Police recorded around four times as many antisemitic incidents in London during May’s Gaza crisis than at any time in the last three years, the city’s force said Thursday.
They reported 87 antisemitic incidents, 65 more than the previous highest monthly figure recorded since they began reporting the data in May 2018, London Metropolitan Police told Britain’s Press Association news agency.
The hostilities between Israel and Hamas claimed 253 Palestinian lives in 11 days from May 10, according to Gaza’s Health Ministry, while Gaza rocket fire killed 13 Israelis.
Disturbances also broke out in the Palestinian territories and between Jewish and Arab citizens in Israel during the conflict, which sparked protests across the world.
The crisis had repercussions for Jews in London, where the word “Hitler” was written on the roof of a block of flats and rocks were hurled at a Jewish home.
One resident in north London’s Stamford Hill neighborhood, which has a significant religious community, said the tires of more than 30 Jewish-owned cars were slashed.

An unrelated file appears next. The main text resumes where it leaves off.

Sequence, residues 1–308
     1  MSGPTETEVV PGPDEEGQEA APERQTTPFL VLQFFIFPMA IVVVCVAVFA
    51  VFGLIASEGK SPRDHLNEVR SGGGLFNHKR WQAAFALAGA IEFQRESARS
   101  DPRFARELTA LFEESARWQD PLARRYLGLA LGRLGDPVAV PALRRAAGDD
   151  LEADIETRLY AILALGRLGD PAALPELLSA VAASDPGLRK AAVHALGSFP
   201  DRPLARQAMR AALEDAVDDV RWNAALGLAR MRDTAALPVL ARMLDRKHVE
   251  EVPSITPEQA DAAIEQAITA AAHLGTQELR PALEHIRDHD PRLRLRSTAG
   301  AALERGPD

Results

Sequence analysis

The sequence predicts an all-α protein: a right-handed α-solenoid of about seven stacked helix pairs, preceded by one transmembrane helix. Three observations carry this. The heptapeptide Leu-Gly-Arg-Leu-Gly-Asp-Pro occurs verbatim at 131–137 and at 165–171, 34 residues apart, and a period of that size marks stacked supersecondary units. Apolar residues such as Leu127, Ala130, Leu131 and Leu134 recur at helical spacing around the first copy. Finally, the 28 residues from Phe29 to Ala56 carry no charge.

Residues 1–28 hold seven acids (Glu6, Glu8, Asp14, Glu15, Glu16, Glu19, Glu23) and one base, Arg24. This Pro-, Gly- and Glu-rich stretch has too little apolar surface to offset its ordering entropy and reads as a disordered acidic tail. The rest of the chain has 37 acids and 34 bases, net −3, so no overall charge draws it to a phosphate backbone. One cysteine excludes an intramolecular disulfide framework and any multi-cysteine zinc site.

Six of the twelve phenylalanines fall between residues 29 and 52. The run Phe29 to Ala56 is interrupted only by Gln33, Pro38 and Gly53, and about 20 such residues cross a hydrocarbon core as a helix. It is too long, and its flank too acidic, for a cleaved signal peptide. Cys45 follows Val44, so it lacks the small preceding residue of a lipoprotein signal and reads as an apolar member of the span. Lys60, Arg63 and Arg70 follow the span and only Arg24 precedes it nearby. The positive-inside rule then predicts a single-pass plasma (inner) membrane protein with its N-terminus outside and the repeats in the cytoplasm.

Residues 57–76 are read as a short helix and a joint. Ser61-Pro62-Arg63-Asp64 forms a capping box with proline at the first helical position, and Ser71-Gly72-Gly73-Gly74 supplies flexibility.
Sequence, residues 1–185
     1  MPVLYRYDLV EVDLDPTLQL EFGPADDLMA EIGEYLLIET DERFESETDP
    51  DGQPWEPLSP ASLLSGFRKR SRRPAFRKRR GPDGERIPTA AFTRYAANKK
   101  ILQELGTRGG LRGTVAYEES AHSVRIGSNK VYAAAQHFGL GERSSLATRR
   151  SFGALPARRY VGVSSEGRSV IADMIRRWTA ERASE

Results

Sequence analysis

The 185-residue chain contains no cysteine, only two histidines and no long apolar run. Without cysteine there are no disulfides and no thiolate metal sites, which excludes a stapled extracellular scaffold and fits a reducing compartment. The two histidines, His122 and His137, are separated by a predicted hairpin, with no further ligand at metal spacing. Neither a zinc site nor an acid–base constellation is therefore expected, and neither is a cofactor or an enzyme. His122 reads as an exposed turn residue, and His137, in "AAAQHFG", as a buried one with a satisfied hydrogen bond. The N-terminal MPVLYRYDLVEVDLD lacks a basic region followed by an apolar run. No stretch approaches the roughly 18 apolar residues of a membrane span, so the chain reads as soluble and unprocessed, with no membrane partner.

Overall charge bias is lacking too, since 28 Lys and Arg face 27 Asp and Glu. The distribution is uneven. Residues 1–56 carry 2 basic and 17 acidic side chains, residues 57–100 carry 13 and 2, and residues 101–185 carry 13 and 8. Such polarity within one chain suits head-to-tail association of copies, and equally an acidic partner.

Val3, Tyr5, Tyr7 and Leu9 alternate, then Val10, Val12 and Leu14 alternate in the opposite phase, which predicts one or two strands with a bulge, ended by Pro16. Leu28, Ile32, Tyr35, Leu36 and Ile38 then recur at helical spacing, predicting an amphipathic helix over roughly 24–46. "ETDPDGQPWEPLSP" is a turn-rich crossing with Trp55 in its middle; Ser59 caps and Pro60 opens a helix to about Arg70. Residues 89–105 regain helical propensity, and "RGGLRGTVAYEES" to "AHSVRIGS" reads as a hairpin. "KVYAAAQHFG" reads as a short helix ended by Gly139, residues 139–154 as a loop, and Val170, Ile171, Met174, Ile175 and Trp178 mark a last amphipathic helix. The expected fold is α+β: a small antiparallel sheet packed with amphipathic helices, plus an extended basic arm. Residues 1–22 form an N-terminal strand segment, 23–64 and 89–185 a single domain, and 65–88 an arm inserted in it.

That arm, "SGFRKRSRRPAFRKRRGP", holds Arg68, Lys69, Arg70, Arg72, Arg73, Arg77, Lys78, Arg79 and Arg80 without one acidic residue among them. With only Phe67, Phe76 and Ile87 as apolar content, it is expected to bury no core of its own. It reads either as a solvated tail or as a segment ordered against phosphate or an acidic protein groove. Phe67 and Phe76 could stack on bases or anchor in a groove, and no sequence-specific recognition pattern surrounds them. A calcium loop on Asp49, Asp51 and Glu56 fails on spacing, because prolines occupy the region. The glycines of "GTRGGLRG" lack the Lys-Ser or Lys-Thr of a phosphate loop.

The Community Security Trust (CST), a charity that protects British Jews from antisemitism, said 116 incidents across Britain had been reported in an 11-day period from May 8.
In May police arrested four people after footage emerged showing them shouting antisemitic abuse from a car. Two men were also charged in connection with an incident when a rabbi was struck on the head with a concrete brick.
Prime Minister Boris Johnson at the time condemned the “intolerable” spate of antisemitic incidents in a meeting with British Chief Rabbi Ephraim Mirvis. London Mayor Sadiq Khan has increased police patrols in Jewish neighborhoods.
The CST recorded 1,668 antisemitic incidents in the U.K. in 2020 – its third-highest annual figure – and 1,813 in 2019.
Antisemitism accusations have dogged Britain’s main opposition Labour Party for years, particularly during the tenure of hard-left former leader Jeremy Corbyn.
Current leader Keir Starmer suspended Corbyn from the party last October after the latter’s refusal to fully accept a report by Britain’s human rights watchdog that criticized Labour’s antisemitism problems under his leadership.
And an independent investigation in May concluded that the ruling Conservative party had issues with Islamophobia among individuals and within local associations.